In a Complicated Relationship with: ClassPass

ClassPass, the technology that made unlimited spin-bike wheels fly, unlimited thighs pulse (pulse, and hold), unlimited Drake vs Future yoga classes flow, is now becoming…limited.

 

Some of you know that I’ve been a CP OG. I joined during the “Unlimited Summer” offering and all jokes aside, it changed my life. These words wouldn’t be typed, this blog wouldn’t exist, and I wouldn’t be wearing Under Armour right now, if not for ClassPass.

 

As the months went on my relationship with fitness evolved, as did my obsession with ClassPass. I swore by it. I referred no less than a dozen new members, I redeemed hundreds of dollars in referral prizes, and I sweat in an average of 8-10 classes a week. I was super fit, super busy and a super-super-user.

 

Part of me treated ClassPass as an all-you-can-lift buffet because I always knew something like this was going to happen.

 

Having worked in startups since 2011 and been part of booming and failing businesses, I could recognize (or at least question) a suspect business model when I saw one. During an average super-user month, I would take 25 classes. Say each class is $30, which is a conservative average — since most classes I was taking (Mile High Run Club, Pure Barre, FlyWheel) retail at $32-37 a pop. Twenty-five class at an average of $30 a class would cost me $700 retail. I was spending $99. My FlyWheel 60-minute would cost me less than a regular Tall coffee at Starbucks. And I knew I was not the only one doing this. What about all the people that had MORE time on their hands? Could they do three-a-days? Yeah – they probably could.

 

I always assumed that ClassPass would be able to pocket everyone’s no-show fees, but it didn’t seem too likely that every super-user would also be super-flaky.

 

When prices nearly doubled last spring for my Unlimited membership, I was jump-starting my New York City Marathon training plan. Part of me knew that I didn’t need an unlimited membership, but a part of me was really sad to see myself deny that option for myself. I just knew it wasn’t financially responsible to commit to a fitness package double what I was paying, and physically irresponsible to be super-ClassPass-ing and training for a marathon.

 

I experimented with the 5-pack plan for $75, which was fine. But then I missed one class and automatically felt rotten. I was paying as much as I paid when I first joined CP for now 4 classes. I barely logged onto the dashboard – going from 4-6 times a day to maybe once a week to plan a cross-training day.  It felt like a sizable cost with small benefit.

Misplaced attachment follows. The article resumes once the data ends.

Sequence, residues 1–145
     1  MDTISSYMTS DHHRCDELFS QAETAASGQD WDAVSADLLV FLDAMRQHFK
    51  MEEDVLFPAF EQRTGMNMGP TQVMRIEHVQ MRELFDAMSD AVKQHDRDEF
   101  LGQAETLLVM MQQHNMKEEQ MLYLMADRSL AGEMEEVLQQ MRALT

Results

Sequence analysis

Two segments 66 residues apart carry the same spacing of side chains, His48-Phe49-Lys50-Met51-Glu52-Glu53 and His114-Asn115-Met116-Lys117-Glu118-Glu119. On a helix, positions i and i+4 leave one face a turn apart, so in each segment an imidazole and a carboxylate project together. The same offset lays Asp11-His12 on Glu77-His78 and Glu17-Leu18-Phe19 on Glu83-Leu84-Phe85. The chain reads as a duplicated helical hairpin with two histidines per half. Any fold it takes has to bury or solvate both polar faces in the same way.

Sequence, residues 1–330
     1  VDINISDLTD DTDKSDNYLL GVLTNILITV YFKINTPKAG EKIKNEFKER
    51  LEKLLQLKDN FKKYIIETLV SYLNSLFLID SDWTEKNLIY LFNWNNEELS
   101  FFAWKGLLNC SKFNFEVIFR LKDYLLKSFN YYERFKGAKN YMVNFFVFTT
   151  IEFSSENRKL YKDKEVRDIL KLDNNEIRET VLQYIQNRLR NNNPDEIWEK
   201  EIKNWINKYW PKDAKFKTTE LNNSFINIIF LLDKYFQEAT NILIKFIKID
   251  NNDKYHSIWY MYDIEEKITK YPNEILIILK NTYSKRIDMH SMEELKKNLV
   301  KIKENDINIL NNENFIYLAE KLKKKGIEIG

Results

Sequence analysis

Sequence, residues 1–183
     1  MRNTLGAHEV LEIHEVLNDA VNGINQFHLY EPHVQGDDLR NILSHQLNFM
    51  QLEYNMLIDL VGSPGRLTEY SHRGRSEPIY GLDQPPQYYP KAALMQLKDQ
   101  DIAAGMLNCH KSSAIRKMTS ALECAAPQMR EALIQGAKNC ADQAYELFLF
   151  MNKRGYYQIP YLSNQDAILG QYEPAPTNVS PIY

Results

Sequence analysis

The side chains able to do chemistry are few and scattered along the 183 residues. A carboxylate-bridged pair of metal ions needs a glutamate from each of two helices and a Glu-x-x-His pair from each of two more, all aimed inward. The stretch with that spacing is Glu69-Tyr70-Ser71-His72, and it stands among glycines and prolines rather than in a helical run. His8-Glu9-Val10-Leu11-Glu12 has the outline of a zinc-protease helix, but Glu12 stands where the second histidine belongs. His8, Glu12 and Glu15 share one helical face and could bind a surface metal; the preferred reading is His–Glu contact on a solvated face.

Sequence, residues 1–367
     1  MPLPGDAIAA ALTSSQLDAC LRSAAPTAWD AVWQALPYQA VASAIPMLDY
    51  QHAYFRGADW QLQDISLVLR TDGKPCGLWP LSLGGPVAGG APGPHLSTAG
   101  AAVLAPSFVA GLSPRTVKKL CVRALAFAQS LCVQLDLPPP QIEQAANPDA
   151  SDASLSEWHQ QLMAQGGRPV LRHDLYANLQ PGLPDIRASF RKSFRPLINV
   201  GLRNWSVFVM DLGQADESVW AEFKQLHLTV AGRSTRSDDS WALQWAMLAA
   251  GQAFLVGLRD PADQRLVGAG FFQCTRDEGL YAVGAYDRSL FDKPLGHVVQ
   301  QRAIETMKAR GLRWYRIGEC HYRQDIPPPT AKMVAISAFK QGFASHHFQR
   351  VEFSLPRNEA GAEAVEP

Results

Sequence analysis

As I’m rounding the corner on marathon training, I was going to treat myself to one month of ClassPass unlimited to fall back in love with the program. I was going to do spin in the mornings, Y7 in the evenings, maybe even sneak in a luxurious shower and gym time at Chelsea Piers– just ’cause.

 

Hearing the news about the Unlimited membership being discontinued, and the reasons behind it, I’m not even mad. I knew this was coming. I knew from the beginning that ClassPass was too good to last. I always loved and was fearful of ClassPass, knowing that at any moment they could turn on their most loyal, veteran and doting customers. After the price hike, we grew apart.

 

I spent my summer in the blistering heat and humidity running, while ClassPass was touting $19 for a month promotions in every other Instagram post. How could my membership suddenly be discounted 90% to the girl next to me on the 1 train?

 

But we didn’t call it quits, ClassPass and I.

 

Currently I have 2 classes left in my cycle. I’ve used 3 of my 10 Base Plan on Normatec sleeves at Finish Line PT and AsOne, so I wouldn’t really consider that a workout, though it bites into my fitness budget. That’s neither here nor there, though I wouldn’t be making that distinction if I was unlimited.

 

As I said when I started writing this, ClassPass changed the game for me, as it did for many other women and men. I know that getting our world just a little more fit, inspired and moving was Payal Kadakia’s goal, and I hope she knows (I think she does) that she achieved that.

 

I want to see ClassPass grow and thrive in whatever niche they continue to create (and re-create) for themselves.

 

I’ll never not love ClassPass but I’m respectfully going to have to move on.
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